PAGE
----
When Megan Ellerd and Steven Ferretti met seven years ago, it was “instant love,” she says. Not long after, the young couple found out that Steven had autoimmune hepatitis — but they didn’t worry too much about it, hoping that it wouldn’t affect them until much later in life. In 2008, however, the two were happily engaged when Steven’s condition suddenly took a turn for the worse. His liver was failing, and he needed a transplant.
Although Steven had severe liver disease and was experiencing painful symptoms such as ascites (fluid buildup in the abdomen), he would have had to become deathly ill in order to qualify for a donor organ from the transplant waiting list. For a couple with a wedding to plan and a bright future ahead, the prospect of Steven spending many months, if not years, in progressively worsening health was just not an option. For Megan, the choice was clear. She had known from the beginning that she would donate part of her liver to him if she could — and when testing Read more »
*This blog post was originally published at Columbia University Department of Surgery Blog*
We are living incarnations of a love that preceded us.
Vibrant, with ailing petals that should fall.
A knot in the throat, a conjuring of another’s quintessence,
as music brightens the void.
As we love others perhaps we can feel the face
of eternity shining down upon us.
If we could but hold on to love,
to be mindful of its primacy,
we might never grow dim again.
*This blog post was originally published at The Examining Room of Dr. Charles*
*This blog post was originally published at GruntDoc*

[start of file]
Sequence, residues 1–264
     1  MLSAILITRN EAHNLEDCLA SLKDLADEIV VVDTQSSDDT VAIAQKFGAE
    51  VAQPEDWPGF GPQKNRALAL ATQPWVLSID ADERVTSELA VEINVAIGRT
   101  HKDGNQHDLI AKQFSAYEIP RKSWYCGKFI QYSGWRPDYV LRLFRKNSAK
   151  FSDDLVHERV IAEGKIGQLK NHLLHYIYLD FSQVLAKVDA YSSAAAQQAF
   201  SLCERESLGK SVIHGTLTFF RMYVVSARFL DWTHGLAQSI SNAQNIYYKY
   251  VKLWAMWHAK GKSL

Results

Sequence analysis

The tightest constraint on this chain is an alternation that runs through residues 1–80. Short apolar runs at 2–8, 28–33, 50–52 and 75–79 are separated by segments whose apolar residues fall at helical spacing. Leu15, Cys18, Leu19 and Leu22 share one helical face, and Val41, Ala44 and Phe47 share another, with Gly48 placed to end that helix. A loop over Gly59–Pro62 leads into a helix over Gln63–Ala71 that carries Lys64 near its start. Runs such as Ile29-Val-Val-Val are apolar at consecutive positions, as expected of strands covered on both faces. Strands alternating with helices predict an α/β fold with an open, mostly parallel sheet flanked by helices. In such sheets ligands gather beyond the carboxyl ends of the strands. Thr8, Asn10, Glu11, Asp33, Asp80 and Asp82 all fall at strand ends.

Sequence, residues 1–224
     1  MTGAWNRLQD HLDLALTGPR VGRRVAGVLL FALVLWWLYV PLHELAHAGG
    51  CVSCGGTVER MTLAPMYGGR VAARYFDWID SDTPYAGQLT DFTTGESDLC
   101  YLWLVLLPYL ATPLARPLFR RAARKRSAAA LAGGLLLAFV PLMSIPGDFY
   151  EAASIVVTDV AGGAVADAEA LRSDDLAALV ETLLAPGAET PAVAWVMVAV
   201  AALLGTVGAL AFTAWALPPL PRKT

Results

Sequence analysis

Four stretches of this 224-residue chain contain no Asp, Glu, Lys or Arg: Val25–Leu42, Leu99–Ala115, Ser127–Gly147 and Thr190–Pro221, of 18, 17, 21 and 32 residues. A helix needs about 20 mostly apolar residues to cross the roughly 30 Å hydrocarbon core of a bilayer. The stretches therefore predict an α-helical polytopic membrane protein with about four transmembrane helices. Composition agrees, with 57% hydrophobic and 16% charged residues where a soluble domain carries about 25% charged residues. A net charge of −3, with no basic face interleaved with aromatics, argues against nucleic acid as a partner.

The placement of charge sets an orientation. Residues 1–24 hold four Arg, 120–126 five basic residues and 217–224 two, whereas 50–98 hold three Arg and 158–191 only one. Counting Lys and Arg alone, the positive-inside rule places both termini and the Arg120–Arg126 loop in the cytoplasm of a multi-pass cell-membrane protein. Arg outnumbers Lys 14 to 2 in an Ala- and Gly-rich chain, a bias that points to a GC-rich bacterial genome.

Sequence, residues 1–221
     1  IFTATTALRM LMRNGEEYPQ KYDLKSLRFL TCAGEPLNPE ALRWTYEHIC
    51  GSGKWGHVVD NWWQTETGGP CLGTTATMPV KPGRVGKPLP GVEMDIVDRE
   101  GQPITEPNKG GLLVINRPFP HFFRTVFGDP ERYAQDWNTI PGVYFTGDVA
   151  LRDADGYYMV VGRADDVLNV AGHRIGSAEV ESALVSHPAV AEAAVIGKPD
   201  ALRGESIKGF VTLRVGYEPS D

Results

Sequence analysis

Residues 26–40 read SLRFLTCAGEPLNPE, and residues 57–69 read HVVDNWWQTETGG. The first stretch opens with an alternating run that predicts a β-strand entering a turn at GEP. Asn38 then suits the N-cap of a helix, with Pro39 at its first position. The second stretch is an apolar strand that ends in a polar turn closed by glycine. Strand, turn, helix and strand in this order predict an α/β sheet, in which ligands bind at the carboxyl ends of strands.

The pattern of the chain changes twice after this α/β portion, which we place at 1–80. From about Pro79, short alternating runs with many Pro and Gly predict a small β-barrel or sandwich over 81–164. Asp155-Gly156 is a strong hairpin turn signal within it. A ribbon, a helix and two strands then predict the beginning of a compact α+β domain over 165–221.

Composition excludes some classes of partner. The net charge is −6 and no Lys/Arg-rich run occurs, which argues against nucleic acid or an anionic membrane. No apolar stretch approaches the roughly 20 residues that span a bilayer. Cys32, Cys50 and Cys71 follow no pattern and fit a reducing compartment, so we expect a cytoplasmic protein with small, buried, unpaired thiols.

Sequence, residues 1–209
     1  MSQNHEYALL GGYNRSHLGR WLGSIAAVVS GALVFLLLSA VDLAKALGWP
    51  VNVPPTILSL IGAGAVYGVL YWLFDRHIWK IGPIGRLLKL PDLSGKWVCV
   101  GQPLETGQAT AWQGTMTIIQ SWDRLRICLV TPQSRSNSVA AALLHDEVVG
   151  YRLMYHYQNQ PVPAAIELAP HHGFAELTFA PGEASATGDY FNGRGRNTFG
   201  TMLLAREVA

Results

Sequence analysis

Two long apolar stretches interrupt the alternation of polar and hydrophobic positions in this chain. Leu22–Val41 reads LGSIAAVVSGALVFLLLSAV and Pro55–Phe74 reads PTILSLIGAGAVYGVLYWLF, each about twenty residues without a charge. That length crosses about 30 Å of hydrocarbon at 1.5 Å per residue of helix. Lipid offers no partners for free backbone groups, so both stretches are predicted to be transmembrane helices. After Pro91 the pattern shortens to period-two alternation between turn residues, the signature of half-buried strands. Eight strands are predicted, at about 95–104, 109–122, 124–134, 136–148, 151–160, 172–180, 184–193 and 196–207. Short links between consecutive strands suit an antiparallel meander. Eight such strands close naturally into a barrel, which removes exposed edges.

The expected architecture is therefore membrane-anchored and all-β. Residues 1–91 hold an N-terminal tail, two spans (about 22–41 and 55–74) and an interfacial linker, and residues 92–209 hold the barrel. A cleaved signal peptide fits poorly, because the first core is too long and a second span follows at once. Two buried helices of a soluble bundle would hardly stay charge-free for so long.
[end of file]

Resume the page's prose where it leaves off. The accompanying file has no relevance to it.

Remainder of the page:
Conditional love is finally getting the press it deserves – and it is all bad! Sorry Dr. Phil and Supernanny, many of us do not believe that what children need or want (specifically approval or love) should be offered contingently or doled out as rewards or withheld until they behave according to our wishes. Praising children for doing something right or punishing if they do something wrong – are both conditional and counterproductive.
Research completed in 2004 (Assor & Roth) with adults and recently replicated with ninth graders (Deci) suggests that children who received conditional approval were in fact more likely to do what a parent wanted, but as adults, the children tend to not like their parents much, feel internal pressure to do things versus a sense of choice or control, and they often felt guilty or ashamed of their behavior. In addition, children who reported feeling more loved when they lived up to their parents’ expectations feel less worthy as adults. Read more »
This post, The Long-Term Consequences Of Conditional Love, was originally published on
Healthine.com by Nancy Brown, Ph.D..